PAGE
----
Through the use of decentralization and cryptographic hashing, blockchain technology, also known as Distributed Ledger Technology (DLT), ensures that the history of any digital asset is unalterable and transparent. It is a decentralized, distributed ledger that keeps track of a digital asset’s provenance. Due to the fact that the data on a blockchain is immutable by design, it is a legitimate disruptor in industries such as payments, cybersecurity, and healthcare. A Google Doc is a simple analogy for comprehending blockchain technology. When we create a document and distribute it to a group of people, we are distributing the document rather than copying or transferring it. This establishes a decentralized distribution chain that ensures that everyone has simultaneous access to the document. No one is locked out pending changes from another party, and all changes to the document are tracked in real time, ensuring that changes are completely transparent. Instead of being copied or transferred, digital assets are distributed, creating an immutable record of the asset. Due to the inherent security measures and public ledger, blockchain technology is a preferred technology for almost every sector.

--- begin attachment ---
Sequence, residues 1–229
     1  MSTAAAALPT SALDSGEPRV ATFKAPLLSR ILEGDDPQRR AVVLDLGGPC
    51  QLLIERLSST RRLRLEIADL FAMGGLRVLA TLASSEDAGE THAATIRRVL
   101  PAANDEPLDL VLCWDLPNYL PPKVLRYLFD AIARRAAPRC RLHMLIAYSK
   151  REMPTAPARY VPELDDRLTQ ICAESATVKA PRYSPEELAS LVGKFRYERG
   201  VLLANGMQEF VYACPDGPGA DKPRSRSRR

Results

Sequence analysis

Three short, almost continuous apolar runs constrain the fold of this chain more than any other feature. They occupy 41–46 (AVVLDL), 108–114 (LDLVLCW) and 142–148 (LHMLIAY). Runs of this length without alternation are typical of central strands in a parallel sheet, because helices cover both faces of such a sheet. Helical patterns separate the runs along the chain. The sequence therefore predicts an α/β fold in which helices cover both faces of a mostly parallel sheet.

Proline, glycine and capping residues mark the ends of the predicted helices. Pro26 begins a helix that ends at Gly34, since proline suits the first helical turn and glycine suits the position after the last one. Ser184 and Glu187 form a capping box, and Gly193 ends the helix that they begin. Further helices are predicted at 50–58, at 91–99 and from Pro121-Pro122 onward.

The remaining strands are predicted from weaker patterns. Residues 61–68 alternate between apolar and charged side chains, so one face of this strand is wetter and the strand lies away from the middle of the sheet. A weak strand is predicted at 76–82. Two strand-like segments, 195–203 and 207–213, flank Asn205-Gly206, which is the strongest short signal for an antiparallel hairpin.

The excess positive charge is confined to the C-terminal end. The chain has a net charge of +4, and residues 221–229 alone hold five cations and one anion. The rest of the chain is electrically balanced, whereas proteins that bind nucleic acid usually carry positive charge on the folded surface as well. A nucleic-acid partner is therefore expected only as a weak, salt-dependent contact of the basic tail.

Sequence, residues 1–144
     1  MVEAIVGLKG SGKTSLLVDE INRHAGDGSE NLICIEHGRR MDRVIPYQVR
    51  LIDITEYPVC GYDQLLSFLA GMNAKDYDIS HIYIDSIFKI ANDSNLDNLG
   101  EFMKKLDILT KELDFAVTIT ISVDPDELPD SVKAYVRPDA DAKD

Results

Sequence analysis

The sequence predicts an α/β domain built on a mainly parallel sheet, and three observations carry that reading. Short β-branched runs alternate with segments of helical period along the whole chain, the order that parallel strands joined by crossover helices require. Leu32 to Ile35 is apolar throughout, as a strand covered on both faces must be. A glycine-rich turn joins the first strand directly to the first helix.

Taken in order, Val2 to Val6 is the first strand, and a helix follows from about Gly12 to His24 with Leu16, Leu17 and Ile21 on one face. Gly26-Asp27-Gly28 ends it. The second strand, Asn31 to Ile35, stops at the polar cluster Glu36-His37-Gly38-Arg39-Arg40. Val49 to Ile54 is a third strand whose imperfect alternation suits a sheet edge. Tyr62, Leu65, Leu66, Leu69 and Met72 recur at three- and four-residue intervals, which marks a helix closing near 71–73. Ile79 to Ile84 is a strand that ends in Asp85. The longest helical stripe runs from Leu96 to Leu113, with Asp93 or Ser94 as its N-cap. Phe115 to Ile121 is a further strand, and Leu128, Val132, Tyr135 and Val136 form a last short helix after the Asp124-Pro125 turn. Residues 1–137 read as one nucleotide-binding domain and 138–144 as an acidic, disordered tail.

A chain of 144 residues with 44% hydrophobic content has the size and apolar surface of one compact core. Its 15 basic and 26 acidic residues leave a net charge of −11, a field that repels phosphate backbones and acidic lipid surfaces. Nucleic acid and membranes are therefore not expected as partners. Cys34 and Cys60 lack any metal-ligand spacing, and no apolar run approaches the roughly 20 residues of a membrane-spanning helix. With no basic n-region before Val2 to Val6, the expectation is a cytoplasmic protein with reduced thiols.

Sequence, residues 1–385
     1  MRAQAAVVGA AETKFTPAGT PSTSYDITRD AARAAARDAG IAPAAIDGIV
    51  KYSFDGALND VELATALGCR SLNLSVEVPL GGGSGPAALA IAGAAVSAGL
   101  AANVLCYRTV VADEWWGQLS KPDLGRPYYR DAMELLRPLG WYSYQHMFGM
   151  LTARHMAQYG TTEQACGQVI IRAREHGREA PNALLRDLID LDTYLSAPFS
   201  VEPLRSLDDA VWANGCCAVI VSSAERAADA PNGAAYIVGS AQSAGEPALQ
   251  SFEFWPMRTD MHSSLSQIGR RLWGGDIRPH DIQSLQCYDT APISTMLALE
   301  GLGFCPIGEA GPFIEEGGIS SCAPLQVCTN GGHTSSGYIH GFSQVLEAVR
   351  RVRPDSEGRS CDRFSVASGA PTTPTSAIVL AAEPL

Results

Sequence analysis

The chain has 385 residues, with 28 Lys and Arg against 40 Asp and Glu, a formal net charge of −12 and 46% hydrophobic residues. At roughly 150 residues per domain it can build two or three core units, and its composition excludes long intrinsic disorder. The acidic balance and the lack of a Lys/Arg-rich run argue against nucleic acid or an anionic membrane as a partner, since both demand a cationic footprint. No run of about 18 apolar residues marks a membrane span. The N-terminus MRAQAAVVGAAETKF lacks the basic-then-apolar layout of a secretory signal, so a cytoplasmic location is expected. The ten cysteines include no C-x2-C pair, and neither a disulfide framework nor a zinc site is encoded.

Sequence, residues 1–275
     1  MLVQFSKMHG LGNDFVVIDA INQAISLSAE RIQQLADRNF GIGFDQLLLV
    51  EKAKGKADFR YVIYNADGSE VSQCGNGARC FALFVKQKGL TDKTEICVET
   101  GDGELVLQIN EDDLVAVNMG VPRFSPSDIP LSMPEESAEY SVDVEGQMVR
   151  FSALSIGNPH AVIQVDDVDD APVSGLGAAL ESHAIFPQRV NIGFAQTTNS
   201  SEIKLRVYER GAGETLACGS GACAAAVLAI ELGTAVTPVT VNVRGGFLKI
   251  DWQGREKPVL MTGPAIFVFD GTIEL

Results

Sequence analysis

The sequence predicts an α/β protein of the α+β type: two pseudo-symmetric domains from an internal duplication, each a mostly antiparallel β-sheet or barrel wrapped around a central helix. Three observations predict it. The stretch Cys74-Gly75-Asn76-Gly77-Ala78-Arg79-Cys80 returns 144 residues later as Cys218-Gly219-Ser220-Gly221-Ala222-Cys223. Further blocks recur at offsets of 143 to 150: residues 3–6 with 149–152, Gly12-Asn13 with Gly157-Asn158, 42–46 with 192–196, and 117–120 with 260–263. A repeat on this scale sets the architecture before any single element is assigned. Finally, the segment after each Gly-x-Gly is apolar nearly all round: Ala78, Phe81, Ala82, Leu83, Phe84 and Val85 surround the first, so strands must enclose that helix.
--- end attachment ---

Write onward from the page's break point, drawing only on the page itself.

How cryptocurrency is mined and what makes it have a negative effect on the environment.

Cryptocurrency mining occurs when a computer solves a series of mathematical equations in exchange for some cryptocurrency. The more powerful the computer, the more calculations it can perform per second, increasing the likelihood of solving the equation and earning bitcoin. This translates into a large number of extremely powerful computers solving equations and an enormous amount of electricity being consumed. Some miners even connect an entire warehouse’s worth of computers to the network in order to maximize their earning potential, which, in turn, consumes a lot of energy. According to a study from the University of Cambridge, bitcoin consumes more electricity than Argentina. This is still a small fraction of what the internet consumes in total, with data centers and data transmission centers that power the internet accounting for less than 2% of global internet usage in 2019. Of course, the magnitude of cryptocurrency emissions is location-dependent therefore, someone mining bitcoin in Northern China will almost certainly be using electricity generated by coal-fired power plants, and with China’s bitcoin mining emissions expected to reach 130 million tonnes by 2024, this is a serious issue, especially given China’s commitment to achieving net zero carbon emissions by 2060.